Our editors give two thumbs up for 10 great beach films.
If the weather outside is frightful, stay in for family film night this season. We asked the movie-philes on our staff to review their favorite coastal films. Whether they're set at the beach or near the water, these flicks will have you dreaming of the sand.
Henry Roth (Adam Sandler) meets Lucy Whitmore (Drew Barrymore) while having breakfast at a local eatery on an island in Hawaii. Henry feels a connection with her and returns to the café the next day, but Lucy doesn't recall ever meeting him. It seems Lucy suffered a head injury in a car accident on her father's birthday. Short-term memory loss prevents her from remembering anything from that day forward. Henry's tender devotion leads to his creating a short film that gently explains her missing memories. Lucy awakes every morning to find a videotape marked "Good Morning Lucy." Favorite scene: the final one when you see Lucy watching the latest video. Camera pulls back for an aerial view of a big ship sailing in iceberg-dotted waters as "Over the Rainbow" plays in the background. Dreams really do come true. ―Vicki J. Weathers
The quintessential fun-in-the-sun beach movie, Gidget lacks only a spontaneous choreographed dance moment à la Frankie and Annette. Of course, if it weren't for the pioneering of Sandra Dee's sweet-as-pie Gidget, we never would've shaken and shimmied at the Beach Blanket Bingo all those years ago. This coming-of-age tale teaches us that tomboys can be hot chicks, too, and tough guys aren't always what they seem. Follow little Frances Lawrence as she surfs the waves of life and love―and the ocean―with the help of surprisingly upstanding surf bum/hunks Moondoggie and The Big Kahuna. In the words of Gidget, "Honest to goodness, it's the absolute ultimate!" ―Abigail Millwood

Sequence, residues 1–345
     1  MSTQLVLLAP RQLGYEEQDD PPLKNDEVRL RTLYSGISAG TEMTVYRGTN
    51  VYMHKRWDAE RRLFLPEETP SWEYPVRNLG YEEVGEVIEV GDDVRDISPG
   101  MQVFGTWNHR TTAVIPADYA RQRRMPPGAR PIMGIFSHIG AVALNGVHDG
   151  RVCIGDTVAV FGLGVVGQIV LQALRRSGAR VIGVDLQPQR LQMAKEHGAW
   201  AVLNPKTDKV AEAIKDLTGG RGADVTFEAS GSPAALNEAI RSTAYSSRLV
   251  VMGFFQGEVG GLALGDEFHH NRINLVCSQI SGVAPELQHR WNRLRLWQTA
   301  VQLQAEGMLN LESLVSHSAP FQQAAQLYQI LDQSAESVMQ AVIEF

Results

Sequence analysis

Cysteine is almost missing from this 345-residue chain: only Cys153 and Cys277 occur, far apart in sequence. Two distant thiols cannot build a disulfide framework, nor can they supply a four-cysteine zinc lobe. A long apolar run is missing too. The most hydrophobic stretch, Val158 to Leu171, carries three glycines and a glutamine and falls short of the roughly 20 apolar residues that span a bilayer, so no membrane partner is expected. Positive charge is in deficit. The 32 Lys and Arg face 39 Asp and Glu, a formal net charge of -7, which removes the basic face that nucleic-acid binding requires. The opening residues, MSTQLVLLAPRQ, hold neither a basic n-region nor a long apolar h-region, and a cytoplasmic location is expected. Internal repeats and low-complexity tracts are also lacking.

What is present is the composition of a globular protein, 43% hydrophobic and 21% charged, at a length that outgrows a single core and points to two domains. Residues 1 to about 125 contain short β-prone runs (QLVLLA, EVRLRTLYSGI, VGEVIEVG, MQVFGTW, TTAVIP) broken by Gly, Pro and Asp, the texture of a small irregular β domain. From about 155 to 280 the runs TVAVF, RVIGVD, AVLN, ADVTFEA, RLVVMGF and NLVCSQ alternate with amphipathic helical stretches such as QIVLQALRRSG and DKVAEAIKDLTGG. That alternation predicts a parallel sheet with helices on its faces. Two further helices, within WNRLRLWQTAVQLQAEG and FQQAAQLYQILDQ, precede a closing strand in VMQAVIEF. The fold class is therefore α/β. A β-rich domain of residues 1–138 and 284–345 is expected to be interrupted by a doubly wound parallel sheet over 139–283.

Any fan of Judy Garland's movies will tell you that A Star is Born ranks as one of her best. Rent this classic (the restored version is widely available) for her performances of "Swanee" and "The Man that Got Away," and for the fabulous '50s style that permeates the film. Don't think it's a beach flick? Wait 'til you see the beachside home that Garland shares with her husband, Norman Maine, played by James Mason: The oceanfront terrace alone will knock your socks off! And of course, that sandy stretch of beach below the house plays a central role in this tearjerker. (No hints―you'll have to watch to find out why.) With direction by the famed George Cukor and music by the incomparable Harold Arlen, this is one Hollywood tale you can't afford to pass up. ―James Schwartz
Buy it at Amazon.com
Buy it at Amazon.com
Think ocean breezes and long walks on the beach, and you'll have the setting for this romantic comedy. Uptight yet likable Erica (Diane Keaton) has given up on romantic relationships. But when she finds a half-dressed Harry (Jack Nicholson) in her kitchen, things change. Harry, the chauvinistic womanizer (who dates only 20-year-olds) is visiting Erica's Hamptons retreat for a weekend romp with her 20-something daughter. Harry explains during dinner, "Some say I'm an expert on the younger woman ... since I've been dating them for 40 years." While attempting to impress the young daughter with his prowess, Harry has a heart attack. Erica begrudgingly comes to his aid, and the slow chemistry begins: Do opposites really attract? Powerfully moving performances and tons of one-liners make you laugh out loud and ponder fate and relationships. ―Mamie Walling